Artificial Intelligence

This fleet of underwater robots is studying ocean microbes

An autonomous underwater vehicle used for surveying the sea floor is displayed at the ECA Robotics booth at the IMDEX Asia maritime defence exhibition in Singapore May 19, 2015. The 10th international maritime defence show which sees participation from 180 exhibitors and delegations from over 40 countries takes place from May 19 to 21. REUTERS/Edgar Su

Autonomous vehicles are being used to collect data on microbes that live in the ocean. Image: REUTERS/Edgar Su

Claudia Geib
Our Impact
What's the World Economic Forum doing to accelerate action on Artificial Intelligence?
The Big Picture
Explore and monitor how Artificial Intelligence is affecting economies, industries and global issues
A hand holding a looking glass by a lake
Crowdsource Innovation
Get involved with our crowdsourced digital platform to deliver impact at scale
Stay up to date:

Artificial Intelligence

Here’s a riddle for you: What’s nearly invisible, ubiquitous throughout the world, and produces at least fifty percent of the oxygen in our atmosphere while removing much of its carbon dioxide?

The answer, you may not have guessed, is ocean microbes. We increasingly realize how much the world is run by the smallest of organisms. Yet we still don’t know enough about these microbes, nor how they influence large-scale events, like climate change.

Now, a group of scientists is looking to autonomous robots for help.

On March 10, oceanographers and engineers from the University of Hawaii Mānoa and the Monterey Bay Aquarium Research Institute (MBARI) deployed three long-range autonomous underwater vehicles (LRAUVs) in the waters off Hawaii.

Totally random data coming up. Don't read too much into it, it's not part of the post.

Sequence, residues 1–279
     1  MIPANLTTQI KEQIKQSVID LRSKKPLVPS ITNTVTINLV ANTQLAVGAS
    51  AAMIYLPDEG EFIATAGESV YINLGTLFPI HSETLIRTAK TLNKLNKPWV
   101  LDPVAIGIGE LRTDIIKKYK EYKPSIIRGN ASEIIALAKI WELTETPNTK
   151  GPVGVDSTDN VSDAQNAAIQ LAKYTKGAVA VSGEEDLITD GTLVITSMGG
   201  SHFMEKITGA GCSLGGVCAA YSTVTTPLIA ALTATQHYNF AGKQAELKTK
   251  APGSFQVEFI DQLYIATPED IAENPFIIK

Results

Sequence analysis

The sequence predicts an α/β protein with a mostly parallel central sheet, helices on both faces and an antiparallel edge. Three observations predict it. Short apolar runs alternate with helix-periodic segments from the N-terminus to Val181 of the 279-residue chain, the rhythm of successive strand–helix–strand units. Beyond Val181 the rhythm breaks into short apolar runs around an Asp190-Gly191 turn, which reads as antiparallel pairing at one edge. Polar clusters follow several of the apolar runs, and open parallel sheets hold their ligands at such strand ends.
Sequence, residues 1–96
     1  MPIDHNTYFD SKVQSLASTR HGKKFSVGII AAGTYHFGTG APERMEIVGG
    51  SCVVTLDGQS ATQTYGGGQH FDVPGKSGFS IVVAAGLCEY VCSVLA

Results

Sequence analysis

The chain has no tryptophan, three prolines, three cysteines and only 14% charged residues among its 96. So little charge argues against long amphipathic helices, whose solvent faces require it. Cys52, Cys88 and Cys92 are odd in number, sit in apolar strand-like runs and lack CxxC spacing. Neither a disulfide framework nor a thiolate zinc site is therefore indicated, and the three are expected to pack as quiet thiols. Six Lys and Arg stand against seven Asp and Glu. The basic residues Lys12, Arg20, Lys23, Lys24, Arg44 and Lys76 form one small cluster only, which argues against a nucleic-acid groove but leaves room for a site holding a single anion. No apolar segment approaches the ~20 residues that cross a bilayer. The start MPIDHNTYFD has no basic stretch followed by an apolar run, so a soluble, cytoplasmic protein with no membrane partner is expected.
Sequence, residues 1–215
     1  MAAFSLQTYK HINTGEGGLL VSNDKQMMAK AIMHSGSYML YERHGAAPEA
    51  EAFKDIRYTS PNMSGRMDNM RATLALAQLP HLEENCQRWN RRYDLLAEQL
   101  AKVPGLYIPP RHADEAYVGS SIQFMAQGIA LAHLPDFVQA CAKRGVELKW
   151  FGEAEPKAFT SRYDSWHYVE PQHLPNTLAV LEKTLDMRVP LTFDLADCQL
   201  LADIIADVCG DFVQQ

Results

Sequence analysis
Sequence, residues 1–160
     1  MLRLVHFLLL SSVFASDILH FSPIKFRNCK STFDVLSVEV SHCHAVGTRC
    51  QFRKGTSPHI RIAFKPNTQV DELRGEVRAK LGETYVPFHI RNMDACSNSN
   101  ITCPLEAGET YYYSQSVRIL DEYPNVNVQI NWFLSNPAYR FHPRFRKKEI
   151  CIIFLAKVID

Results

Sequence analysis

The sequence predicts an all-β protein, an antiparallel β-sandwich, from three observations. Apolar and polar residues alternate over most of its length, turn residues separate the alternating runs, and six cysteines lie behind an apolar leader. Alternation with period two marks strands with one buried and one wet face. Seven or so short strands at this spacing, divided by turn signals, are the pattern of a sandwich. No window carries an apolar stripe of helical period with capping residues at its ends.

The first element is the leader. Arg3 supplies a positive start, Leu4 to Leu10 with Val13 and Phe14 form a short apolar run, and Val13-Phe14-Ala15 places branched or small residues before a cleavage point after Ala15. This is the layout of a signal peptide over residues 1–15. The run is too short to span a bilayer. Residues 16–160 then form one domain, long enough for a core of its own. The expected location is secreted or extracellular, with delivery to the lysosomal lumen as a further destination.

This was a test run, at least at first. Eventually, though, these vehicles will be able to autonomously travel and gather data for more than 966 km (600 mi) before scientists will need to recover them.

Each LRAUV is designed with sensors to collect data like water temperature, chemistry, and chlorophyll content as it moves through the ocean, targeting large oceanographic features like eddies (swirling masses of water) and blooms of phytoplankton.

What’s more, these robots can capture and archive samples of seawater in an Environmental Sample Processor (ESP) as they travel. The organisms in those samples will give researchers an idea of which kinds of microbes exist in different places in the ocean, and provide insight into the structure of the eddies in which some live, or which kinds of microbes live through algal blooms.

The ocean has long remained an under-studied area of the planet. But vehicles like these are changing that — robots are mapping the seafloor, while floating sensorscontinuously gather information about the conditions in the ocean in general.

Have you read?

“When we first talked about putting an ESP in an AUV, I thought to myself ‘this is never going to happen,'” said Jim Birch, MBARI’s lead engineer on the ESP project, in a press release. When MBARI researchers started developing ESPs about 15 years ago, they were about the size of an oil drum. The latest versions are one-tenth the original size, at 20 cm (8 in) to 25.4 cm (10 in) in diameter.

“Now I really think this is going to transform oceanography by giving us a persistent presence in the ocean — a presence that doesn’t require a boat, can operate in any weather condition, and can stay within the same water mass as it drifts around the open ocean,” Birch added.

Don't miss any update on this topic

Create a free account and access your personalized content collection with our latest publications and analyses.

Sign up for free

License and Republishing

World Economic Forum articles may be republished in accordance with the Creative Commons Attribution-NonCommercial-NoDerivatives 4.0 International Public License, and in accordance with our Terms of Use.

The views expressed in this article are those of the author alone and not the World Economic Forum.

Related topics:
Artificial IntelligenceOceanFuture of the Environment
World Economic Forum logo
Global Agenda

The Agenda Weekly

A weekly update of the most important issues driving the global agenda

Subscribe today

You can unsubscribe at any time using the link in our emails. For more details, review our privacy policy.

AI and cyber, cancer-care, trade tech, and green skills: Top weekend reads on Agenda

Gayle Markovitz

March 1, 2024

About Us



Partners & Members

  • Join Us

Language Editions

Privacy Policy & Terms of Service

© 2024 World Economic Forum